Five startup costs entrepreneurs often forget to plan for

    When you start a small business, it’s fairly easy to determine many of your costs. Equipment. Inventory. Supplies. Fulfillment. Determining product costs, for example, is fairly straightforward.

    But then there are the costs you don’t plan for, but that are just as real.

    Here are five startup costs that Inc. reports entrepreneurs should keep an eye on:

    1. Employee costs. There’s more to this than their wages. Since every employee you hire is an investment, make sure you know the extent of your investment so you can calculate the true return you will receive.
    2. Legal costs. For those who believe having a lawyer review important documents or agreements is an unnecessary cost, remember this: What you don’t know can not only hurt you, but also put you out of business.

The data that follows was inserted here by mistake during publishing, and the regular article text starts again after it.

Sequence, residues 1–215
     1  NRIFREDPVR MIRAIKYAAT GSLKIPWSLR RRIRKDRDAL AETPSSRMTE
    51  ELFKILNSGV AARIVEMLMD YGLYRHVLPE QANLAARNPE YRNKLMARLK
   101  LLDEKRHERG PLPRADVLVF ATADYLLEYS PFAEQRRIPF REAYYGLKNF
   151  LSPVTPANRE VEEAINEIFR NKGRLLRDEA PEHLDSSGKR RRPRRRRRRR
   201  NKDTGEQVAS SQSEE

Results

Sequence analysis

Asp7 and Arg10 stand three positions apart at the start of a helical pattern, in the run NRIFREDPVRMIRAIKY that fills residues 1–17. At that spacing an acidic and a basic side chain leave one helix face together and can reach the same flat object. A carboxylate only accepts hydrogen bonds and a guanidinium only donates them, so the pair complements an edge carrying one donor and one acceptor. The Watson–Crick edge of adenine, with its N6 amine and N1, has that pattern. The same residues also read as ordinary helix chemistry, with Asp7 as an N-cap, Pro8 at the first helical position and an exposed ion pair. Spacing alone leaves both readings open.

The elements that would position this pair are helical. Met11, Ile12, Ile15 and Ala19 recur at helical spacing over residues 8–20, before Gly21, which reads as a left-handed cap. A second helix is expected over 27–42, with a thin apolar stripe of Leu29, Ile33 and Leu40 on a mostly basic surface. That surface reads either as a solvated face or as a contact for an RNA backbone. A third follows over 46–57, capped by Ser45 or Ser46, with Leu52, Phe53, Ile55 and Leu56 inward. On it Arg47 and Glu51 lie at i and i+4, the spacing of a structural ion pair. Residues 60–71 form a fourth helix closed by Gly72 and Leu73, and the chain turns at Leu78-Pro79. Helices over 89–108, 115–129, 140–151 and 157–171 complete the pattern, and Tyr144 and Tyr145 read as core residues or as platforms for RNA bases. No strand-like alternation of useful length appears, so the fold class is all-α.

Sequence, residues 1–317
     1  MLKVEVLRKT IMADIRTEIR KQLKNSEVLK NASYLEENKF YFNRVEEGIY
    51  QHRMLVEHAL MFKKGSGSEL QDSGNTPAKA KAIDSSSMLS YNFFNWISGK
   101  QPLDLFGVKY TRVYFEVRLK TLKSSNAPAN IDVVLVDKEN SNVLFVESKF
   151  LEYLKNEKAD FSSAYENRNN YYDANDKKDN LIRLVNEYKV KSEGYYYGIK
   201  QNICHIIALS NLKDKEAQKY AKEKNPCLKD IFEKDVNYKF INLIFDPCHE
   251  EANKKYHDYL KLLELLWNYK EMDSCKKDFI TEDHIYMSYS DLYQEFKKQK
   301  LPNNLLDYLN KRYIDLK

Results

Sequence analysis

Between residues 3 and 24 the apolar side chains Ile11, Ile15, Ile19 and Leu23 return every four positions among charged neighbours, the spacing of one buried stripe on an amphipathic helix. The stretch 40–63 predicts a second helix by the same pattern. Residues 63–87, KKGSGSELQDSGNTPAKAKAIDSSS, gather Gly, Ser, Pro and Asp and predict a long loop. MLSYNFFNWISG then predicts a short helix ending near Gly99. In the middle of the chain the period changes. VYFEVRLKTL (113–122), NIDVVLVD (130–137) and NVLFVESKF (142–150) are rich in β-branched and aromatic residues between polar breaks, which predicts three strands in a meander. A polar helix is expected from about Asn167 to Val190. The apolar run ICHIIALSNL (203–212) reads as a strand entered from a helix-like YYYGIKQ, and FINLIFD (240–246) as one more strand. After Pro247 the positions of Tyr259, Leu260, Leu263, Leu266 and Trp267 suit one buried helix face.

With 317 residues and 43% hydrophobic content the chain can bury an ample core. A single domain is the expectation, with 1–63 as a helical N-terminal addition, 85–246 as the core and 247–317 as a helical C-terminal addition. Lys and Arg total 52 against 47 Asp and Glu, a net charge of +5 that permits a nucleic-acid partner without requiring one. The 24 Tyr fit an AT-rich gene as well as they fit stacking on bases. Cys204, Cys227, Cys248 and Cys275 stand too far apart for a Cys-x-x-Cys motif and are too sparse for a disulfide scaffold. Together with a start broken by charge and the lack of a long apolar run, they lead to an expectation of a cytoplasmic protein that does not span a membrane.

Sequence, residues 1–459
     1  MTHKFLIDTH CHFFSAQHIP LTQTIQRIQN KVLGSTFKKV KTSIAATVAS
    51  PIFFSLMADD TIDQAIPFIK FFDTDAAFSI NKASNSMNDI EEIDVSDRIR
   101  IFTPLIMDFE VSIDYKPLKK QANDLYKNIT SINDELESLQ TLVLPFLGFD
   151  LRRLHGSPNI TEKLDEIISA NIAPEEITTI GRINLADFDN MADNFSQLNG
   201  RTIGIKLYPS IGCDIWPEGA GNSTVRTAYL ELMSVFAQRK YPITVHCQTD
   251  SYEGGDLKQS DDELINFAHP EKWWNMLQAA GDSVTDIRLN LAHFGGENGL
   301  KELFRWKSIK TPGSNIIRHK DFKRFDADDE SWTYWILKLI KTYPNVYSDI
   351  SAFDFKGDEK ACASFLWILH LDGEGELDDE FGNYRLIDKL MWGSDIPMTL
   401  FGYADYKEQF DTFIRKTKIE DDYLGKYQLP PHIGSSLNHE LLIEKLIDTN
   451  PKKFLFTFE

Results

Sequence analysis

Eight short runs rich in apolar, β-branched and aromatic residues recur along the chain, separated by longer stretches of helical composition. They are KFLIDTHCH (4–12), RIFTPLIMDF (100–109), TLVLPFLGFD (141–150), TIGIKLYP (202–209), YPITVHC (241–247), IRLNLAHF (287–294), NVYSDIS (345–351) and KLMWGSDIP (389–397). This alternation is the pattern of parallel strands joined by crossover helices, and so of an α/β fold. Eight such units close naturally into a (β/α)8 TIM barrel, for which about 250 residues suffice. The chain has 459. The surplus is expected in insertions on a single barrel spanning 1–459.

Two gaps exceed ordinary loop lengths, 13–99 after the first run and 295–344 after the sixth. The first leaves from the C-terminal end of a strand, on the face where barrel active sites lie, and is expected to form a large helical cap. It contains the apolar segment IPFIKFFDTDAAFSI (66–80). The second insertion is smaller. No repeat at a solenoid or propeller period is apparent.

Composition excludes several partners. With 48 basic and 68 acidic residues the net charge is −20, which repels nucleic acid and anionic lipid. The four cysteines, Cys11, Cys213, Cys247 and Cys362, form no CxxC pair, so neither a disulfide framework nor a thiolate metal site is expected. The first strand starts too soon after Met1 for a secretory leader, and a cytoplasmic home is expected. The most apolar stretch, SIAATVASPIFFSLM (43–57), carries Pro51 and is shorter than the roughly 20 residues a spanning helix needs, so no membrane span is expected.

3. Marketing costs. When you create your plan, assume you’ll need to spend at least 25% of your startup funds on marketing—and maybe more once you start to generate revenue.
    4. Accounting costs. Building a business that has outgrown simple accounting methods is a good problem to have. But it also costs money, even if only at tax preparation time.
    5. Team-building costs. A great team can result in an incredible increase in productivity, but such teams don’t build themselves.

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